We tested the system with several users, creating multiple profiles and swapping between them to create a sort of "Pepsi challenge" of "which one sounds best?: While they were rather similar, and it was often harder to tell which profile was your own, the profiles did adjust the audio slightly. What’s more, having the Super X-Fi enabled via the headset did have a significant impact on how things sounded. As boasted by the manufacturer, the effect was moving the sound from the center of your head, to placing it at the front, like a soundstage. At first, we worried that it lost the fullness provided by the bass, but after a few hours of further listening, it made sense as the SXFI tech picks up far more of the subtleties of music by letting all the frequencies breathe. It's not quite studio-level audio, no, but significantly improved on other mid-range headphones.

The impact of Super X-Fi was less apparent during movies, TV, and gaming, but it did improve things a little. When tested with several MCU movies like Black Panther and Avengers Infinity War (on Blu-ray), the tech added a little more depth to the surround sound noises, and incidental sounds. So, sure, it’s a bit of a gimmick, but the SXFI tech does enhance the capabilities of the headset, even if the holography element isn’t quite as revolutionary as it might claim to be.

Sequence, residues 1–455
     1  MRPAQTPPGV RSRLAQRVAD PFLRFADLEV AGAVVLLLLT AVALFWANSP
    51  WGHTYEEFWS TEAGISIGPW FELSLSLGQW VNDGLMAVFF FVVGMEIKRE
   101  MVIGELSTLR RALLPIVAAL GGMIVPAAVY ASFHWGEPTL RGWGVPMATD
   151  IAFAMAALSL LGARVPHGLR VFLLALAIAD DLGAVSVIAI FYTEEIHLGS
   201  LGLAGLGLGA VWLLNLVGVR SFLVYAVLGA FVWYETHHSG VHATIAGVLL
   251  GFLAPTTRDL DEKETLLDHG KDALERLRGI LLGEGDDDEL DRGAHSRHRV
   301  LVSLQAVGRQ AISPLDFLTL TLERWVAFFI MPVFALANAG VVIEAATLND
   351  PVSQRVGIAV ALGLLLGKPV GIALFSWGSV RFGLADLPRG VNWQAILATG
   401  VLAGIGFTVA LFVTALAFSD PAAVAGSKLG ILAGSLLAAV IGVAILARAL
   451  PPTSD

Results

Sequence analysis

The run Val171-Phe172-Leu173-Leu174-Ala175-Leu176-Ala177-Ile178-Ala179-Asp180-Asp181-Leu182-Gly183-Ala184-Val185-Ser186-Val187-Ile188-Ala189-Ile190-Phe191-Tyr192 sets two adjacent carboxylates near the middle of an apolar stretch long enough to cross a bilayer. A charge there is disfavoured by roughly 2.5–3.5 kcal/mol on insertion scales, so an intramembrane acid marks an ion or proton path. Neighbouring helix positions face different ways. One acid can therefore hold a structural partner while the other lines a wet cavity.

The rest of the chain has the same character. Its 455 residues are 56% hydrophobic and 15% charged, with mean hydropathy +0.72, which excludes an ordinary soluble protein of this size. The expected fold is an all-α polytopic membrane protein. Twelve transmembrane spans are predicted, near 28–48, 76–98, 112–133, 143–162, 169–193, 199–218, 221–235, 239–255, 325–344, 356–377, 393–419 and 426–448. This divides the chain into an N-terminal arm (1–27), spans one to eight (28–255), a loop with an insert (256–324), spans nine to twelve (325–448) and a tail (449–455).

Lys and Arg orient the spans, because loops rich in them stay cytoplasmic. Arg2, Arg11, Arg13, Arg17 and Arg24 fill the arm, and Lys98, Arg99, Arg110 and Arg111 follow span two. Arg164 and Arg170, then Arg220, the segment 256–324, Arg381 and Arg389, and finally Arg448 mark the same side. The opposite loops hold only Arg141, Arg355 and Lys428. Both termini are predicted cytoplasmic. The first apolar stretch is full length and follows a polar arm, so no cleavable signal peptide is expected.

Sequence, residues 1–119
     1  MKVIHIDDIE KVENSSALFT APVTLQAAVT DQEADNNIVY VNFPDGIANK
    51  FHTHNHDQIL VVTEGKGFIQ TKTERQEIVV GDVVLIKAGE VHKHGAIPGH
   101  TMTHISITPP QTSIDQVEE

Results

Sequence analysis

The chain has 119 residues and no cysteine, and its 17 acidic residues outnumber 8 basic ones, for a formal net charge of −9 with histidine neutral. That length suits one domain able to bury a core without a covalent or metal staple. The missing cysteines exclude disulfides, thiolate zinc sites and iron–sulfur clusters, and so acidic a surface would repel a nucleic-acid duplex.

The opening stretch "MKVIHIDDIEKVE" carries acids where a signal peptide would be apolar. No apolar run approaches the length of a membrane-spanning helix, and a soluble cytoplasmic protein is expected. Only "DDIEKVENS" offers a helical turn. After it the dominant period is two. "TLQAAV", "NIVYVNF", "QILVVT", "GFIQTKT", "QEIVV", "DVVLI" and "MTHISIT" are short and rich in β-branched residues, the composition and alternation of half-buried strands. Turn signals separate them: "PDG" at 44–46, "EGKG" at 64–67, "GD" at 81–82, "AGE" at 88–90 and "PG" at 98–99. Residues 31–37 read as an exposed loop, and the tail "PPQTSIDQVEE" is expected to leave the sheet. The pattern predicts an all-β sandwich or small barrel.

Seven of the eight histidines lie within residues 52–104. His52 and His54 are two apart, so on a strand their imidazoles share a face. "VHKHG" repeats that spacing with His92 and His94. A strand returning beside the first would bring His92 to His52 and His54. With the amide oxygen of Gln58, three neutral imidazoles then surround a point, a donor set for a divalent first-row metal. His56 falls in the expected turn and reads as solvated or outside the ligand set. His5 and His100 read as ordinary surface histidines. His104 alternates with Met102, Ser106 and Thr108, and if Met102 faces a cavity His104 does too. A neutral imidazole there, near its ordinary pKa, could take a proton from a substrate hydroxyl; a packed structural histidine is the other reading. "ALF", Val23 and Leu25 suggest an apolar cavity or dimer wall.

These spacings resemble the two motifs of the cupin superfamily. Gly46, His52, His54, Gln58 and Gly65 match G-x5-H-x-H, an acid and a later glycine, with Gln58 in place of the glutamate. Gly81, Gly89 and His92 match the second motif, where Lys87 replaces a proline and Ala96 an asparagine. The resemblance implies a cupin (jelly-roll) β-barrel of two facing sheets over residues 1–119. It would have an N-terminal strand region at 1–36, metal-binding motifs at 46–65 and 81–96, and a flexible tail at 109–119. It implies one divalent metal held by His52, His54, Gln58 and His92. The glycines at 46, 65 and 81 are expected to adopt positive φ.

In terms of other features, there are plenty here. There’s a micro SD card slot on the headset itself, so you can listen to music without an input device at all, and you can toggle the SXFI on or off via a button on the headset. That button is given too much prominence on the earcup itself, however, as it’s easy to press while you’re attempting to find some of the other controls. The Air comes with touch control on the left earcup, which works more often than not via a simple swipe of the finger, allowing you to skip tracks and pause music, etc.